Sprinkles variations means doing node editor stuff.
BIG TIP for Node stuff, make sure to leave room to drop in more blocks.
Also: Edit menu, Preferences, Add-On section, enable Node Wrangler to let you Ctrl+Shift+LMB to preview a specific node in the viewport.
- Start with an Object Info block so we can play with the Color values.
- Object Info's Random --> main node's Base Color
- Insert Converter, Color Ramp between the two blocks.
- The + adds steps along the ramp which can be set to various colors.
- Change from Linear to Constant to get rid of those random in-between colors.
- To the right of each marker is an indicator of how many you'll get.
- Hey, maybe increase Roughness in the main block, for better texture of sprinkles.
Another tip for Node stuff? MixRGB node re-titles itself after what you change it to do. Add, Overlay, etc.
Procedural displacement! We need surface lumpiness. Shading mode, and oh hey node editor fun!
- We're going to add more stuff.
- Shift+A, Texture, Noise Texture
- Shift+A, Input, Texture Coordinate
- Grab Object of TexCoord into into Vector of NoiseTex.
- Then increase Scale of NoiseTex to taste.
- Shift+A, Vector, Vector Displacement
- Factor output of NoiseTex into Height of VecDisp.
- Then Displacement into Displacement of Material Output node way on the right.
- This doesn't change the edges/curves, it's a "fake bump" look.
- How fix? Material, Settings, Displacement from Bump Only to Disp & Bump.
- Then fix the Displacement node's Scale to something a LOT LOWER, not porcupine.
- If you aren't detail-y enough at this point, do a Subsurface modifier again.
- Also you can crank the scale on the Noise Texture node to improve detail of tex.
- More detail? More blisters, darker, that stick out a bit. MORE NODES.
- Dupe the Noise Texture, place below its new sibling.
- Grab Object output of TexCoord into NoiseTex #2, yeah you can do that, I guess.
- Set scale to something like 200 instead of the 1500-or-so of the original.
- Displacement can only take one input from one of the NoiseTex-es, so.
- Shift+A, Color, MixRGB and place between NoiseTex twins & Displacement.
- Take Factor outputs from both NoiseTex twins and point to Color1/2 of MixRGB.
- Change blend type in MixRGB to Add, then crank up to 1.0 for full mix.
- Shift+A, Converter, Color Ramp so we can apply some constraints, less "noisey".
- Drop between NoiseTex2 and the Add node
- Bring in the black end of the slider to roughly halfway
- the point of this is to reduce the impact of the "rough" detail bumpmap.
- it gives us "just" the highlights, and less of the overall rough-noise effect.
- If we swap inputs on MixRGB now, then play with the Factor of MixRGB, it's nicer.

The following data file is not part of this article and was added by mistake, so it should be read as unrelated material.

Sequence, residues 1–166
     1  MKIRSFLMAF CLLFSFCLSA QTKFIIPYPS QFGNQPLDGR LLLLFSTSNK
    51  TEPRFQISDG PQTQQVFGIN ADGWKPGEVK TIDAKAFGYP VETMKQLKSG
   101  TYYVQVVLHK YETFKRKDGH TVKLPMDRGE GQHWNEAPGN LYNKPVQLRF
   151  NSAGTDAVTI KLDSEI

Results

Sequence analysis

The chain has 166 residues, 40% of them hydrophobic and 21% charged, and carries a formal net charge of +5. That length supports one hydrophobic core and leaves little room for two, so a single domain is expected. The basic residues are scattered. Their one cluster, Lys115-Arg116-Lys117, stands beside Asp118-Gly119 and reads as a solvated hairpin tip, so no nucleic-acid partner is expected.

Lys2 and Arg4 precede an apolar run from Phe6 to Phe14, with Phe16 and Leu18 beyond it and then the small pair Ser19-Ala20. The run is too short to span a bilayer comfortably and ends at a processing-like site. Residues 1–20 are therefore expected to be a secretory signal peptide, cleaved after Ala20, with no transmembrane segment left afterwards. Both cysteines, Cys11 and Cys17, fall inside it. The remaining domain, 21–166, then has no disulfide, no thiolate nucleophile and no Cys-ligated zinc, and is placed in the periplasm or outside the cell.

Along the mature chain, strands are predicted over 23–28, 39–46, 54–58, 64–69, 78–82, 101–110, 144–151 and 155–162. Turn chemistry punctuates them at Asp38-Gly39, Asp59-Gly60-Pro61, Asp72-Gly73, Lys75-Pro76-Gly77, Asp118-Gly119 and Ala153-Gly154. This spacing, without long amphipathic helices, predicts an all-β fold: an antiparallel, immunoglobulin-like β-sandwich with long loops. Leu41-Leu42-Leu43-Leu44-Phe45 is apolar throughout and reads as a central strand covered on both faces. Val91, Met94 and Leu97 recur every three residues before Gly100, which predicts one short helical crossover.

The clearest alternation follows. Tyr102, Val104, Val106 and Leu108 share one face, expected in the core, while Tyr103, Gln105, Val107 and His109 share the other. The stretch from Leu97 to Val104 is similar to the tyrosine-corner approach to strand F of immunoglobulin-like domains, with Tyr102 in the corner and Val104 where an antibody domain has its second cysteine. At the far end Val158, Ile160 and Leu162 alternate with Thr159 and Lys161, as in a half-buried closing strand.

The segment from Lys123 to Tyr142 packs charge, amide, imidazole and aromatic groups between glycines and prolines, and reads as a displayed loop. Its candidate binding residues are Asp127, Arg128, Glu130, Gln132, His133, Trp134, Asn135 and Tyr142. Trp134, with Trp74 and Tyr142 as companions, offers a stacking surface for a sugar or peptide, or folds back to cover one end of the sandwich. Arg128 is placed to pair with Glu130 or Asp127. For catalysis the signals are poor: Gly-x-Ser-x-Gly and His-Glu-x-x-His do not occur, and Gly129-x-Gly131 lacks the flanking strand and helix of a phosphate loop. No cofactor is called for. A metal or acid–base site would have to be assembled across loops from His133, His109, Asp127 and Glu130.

- To make the "bumpy bits" darker, we throw a Color -> MixRGB after the texture.
- We're going to take the Color from the other MixRGB and put it into Factor of the new one. (What a sprawling mess this node editor view becomes, yeah?)
- Now if we make Color2 of the new MixRGB into a "crispy donut bits" color, boom.
- Also change from Mix to Overlay in our new MixRGB.
Procedural Rust tutorial by Ducky 3D - https://www.youtube.com/watch?v=hccqcCIGGUw
- Shading mode (Node Editor, basically)
- Crank principal node's Metallic slider up
- Add Bump
- plug Normal to Normal of principal node
- Bring strength down somewhat, maybe 2/3 or 3/4 ish.
- Add Noise Texture
- plug Color into Height of Bump node
- crank detail up to something in the teens
- Ah, it caps at 16, hence why the tutorial picks that
- Add Mapping node, plug Vector into Vector of Noise Texture
- Add Texture Coordinate, plug Object into Vector of Mapping
- Insert Color Ramp between Noise Texture and Bump
- Bring down the rightmost slider to create the "smooth" areas
- Add another Bump node to the left of the other Bump node
- Plug Normal of new Bump node to Normal of previous Bump node
- Dial the strength way, way down to almost but not quite zero
- Add another Noise Texture to the left of the new Bump node
- Plug Color into Height
- Match detail level to the other Noise Texture's detail level
- Crank scale up to 50, give or take
- Dupe the "surface" Bump's Noise Texture to plug into the original
- New Noise Texture's Color to the other Noise Texture's Vector
- Scale to 20, give or take
- New Color Ramp w/ Color plugged into Principal's Base Color
- Plug our original Texture's Color value into the Factor of the new Color Ramp
- Because hey, you can do that with color ramps apparently, why do some things work when you use them twice and others don't? No idea.
- Click + a couple of times to add slider controls and give them red/brown/orange values to taste
- Bring the white slider over to lower the amount of rust "leaking out" from the pits
- Uppermost Noise Texture's distortion value is basically like the 'seed' value to change the array/shapes of the rust pits